BUYERS GUIDE - WAGONS MEDIUM
Holden’s successor to the Jackaroo wagon range was a Colorado ute derivative, the Colorado 7. It was replaced by the Trailblazer in late 2016, but departed with all other Holdens in 2020.
In 2016 Holden’s then Executive Director of Marketing, Geraldine Davys, said customer feedback and a change in vehicle design were important factors in the decision to adopt ‘Trailblazer’ as the replacement name for the Colorado 7.
“With the 2017 Trailblazer, we have dialled up the luxury and ride comfort to offer a premium SUV that’s comfortable in urban areas, but remains just as capable for weekend adventures,” said Ms Davys.
Trailblazer debuted with an all-new dash and instrument cluster, Apple CarPlay and Android Auto phone projection technology, and the use of premium materials and design.
The Holden Trailblazer had upgrades in technology, drivability, design and safety, and came with a five-star ANCAP safety rating.
The Colorado’s 2.8-litre VM-Motori Duramax engine continued in the Trailblazer, although its future was uncertain, thanks to VM Motori’s ownership by Fiat-Chrysler. The Trailblazer transmission was a GM-sourced six-speed automatic.
We’d love to know how much money Roger Penske made directly and indirectly out of General Motors since he bought the company’s large Detroit Diesel engine business for a song in the 1990s – subsequently selling it to Daimler in 2000 – but retaining control of its subsidiary, VM Motori that he’d bought in 1995.
GM bought a 50-percent equity in VM Motori from Penske Corporation, which sold its remaining equity in VM Motori to Fiat in 2011. In late 2012 Fiat acquired all of VM Motori, making the Duramax line uncertain for GM’s future.
In July 2016 Isuzu Ute and GM went their separate ways, ensuring that GM also had to find a new chassis for the Colorado/Trailblazer range. That didn’t ever happen.
In the meantime, some major Colorado Duramax engine components were produced in Italy and shipped to Thailand for assembly, although there was a later-abandoned schedule for total Thai production.
Trailblazer’s exterior styling enhancements included LED daytime running lamps and a new bonnet design.
Engineering improvements included electric power steering, new transmission and body mounts, and a new final drive ratio on manual-transmission Trailblazers.
Holden Trailblazer started at LT level: electric power steering (EPS); rear park assist with reverse camera; LED daytime running lamps (DRLs) ; seven SRS airbags; electronic stability control (ESC); Hill Start Assist (HSA); Trailer Sway Control (TSC) ; Hill Descent Control (HDC); remote window operation (via keyfob); 17-inch aluminium wheels with full-size spare, MyLink infotainment system with seven-inch colour touchscreen and Apple CarPlay and Android Auto Phone Projection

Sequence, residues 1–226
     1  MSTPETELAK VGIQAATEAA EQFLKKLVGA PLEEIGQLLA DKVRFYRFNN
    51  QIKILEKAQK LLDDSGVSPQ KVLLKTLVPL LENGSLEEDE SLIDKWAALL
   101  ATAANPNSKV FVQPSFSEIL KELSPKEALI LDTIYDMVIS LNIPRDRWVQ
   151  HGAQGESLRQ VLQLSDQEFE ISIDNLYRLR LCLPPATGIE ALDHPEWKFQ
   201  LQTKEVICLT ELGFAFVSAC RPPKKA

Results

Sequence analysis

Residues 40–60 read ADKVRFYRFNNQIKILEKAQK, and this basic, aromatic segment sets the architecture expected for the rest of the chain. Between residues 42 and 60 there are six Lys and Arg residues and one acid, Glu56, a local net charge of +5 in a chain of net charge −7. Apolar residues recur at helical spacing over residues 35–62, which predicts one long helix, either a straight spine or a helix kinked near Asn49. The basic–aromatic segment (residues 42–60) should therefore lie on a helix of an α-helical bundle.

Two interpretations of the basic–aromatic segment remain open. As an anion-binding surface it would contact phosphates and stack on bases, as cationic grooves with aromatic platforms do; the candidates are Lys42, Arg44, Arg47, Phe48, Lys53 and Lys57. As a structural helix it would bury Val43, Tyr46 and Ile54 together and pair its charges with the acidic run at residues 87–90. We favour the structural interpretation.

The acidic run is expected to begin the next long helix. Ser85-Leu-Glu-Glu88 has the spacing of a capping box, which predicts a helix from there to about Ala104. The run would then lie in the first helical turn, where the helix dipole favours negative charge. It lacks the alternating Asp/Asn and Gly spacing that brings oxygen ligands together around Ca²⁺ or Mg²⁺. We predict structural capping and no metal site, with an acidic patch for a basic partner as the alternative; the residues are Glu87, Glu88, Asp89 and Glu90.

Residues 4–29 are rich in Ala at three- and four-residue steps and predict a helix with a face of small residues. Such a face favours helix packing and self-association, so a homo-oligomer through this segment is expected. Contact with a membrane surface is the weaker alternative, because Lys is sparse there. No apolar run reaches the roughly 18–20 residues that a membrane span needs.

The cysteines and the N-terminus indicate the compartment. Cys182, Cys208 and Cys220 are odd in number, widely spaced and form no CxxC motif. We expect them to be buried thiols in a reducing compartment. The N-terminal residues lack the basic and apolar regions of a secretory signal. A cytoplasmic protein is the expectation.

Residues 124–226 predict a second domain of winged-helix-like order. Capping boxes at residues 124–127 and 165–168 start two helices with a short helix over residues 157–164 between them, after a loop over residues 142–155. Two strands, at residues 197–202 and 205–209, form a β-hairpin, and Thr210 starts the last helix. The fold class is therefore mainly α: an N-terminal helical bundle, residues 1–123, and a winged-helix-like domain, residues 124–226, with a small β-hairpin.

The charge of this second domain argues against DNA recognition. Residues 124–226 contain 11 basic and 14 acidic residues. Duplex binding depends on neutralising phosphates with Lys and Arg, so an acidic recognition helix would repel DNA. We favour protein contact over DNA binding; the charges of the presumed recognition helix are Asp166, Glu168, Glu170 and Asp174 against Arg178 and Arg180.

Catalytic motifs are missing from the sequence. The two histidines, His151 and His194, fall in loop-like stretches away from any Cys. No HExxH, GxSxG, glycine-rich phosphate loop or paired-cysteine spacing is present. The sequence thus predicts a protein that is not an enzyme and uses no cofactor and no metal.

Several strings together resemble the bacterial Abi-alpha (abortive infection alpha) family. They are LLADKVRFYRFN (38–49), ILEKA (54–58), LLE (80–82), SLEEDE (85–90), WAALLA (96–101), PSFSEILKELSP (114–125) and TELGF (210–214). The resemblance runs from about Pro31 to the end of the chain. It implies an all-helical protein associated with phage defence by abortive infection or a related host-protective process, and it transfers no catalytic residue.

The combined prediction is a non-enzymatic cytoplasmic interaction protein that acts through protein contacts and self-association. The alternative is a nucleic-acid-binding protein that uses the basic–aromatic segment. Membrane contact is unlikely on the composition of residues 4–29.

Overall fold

LTZ level added: 18-inch wheels with full-size spare; MyLink infotainment system with eight-inch colour touchscreen, integrated satellite navigation and integrated voice recognition; remote vehicle start via keyfob; leather-appointed seat trim with heated front seats; front park assist; electronic climate control; forward collision alert (FCA); lane departure warning (LDW); side blind zone alert (SBZA); rear cross traffic alert (RCTA); tyre pressure monitoring system (TPMS); LED tail lights; heated and power folding exterior mirrors; light sensitive rear view mirror and rain sensing windscreen wipers.
Holden claimed 147kW and 500Nm from the 2.8-litre diesel, but our tow testing of Jeeps powered by the same engine showed that that 500Nm is hard to find when hill cimbing. Some competitor vehicles with supposedly less torque sailed past!
We finally scored a Trailblazer LTZ road test vehicle and found it to be more civilised than the Colorado 7. The test was brief, because Holden had very few press-test vehicles.
The Trailblazer had improved NVH over the Colorado 7, but otherwise was similar in feel and performance to its predecessor. Check out the reports and video below for some on and off road action.
Previous model – Colorado 7
Developed alongside the Colorado LCV range, Colorado 7 retained the ute’s five-star safety rating, chassis, front panels, front suspension, Duramax 132kW/470Nm2.8-litre turbo diesel engine and six-speed automatic transmission.
Unlike the ute range, there was no manual transmission offered. Also different were roof and rear panels, the interior, which had 2+3+2(kids) seating and a five-link, coil-sprung live rear axle, with disc brakes replacing the ute’s rear drums.
The Colorado 7 was available in two specifications: entry level LT and top-spec LTZ. Recommended retail pricing at launch ranged from $46,990 for the LT and $50,490 for the LTZ. Safety features on both models included Electronic Stability Control, Descent Control, dual front airbags and full-length curtain airbags that extend to the third row.
Claimed economy was average, at 9.4 litres per 100 kilometres (ADR 81/02), with an unimpressive 252 grams of CO2 per kilometre.
The driveline was ute-style and more basic than typical medium wagons, having only a part-time system, with low and high ratio gears, shift on the fly 4WD selection and only a rear axle limited slip differential, where the Mitsubishi Challenger offered selectable full-time-4WD and a rear axle diff lock. The Colorado 7’s towing capacity rating was three tonnes.
Standard LT features included: leather wrap steering wheel; Bluetooth® connectivity; USB and auxiliary; six-speaker audio system; cloth seat trim; multifunction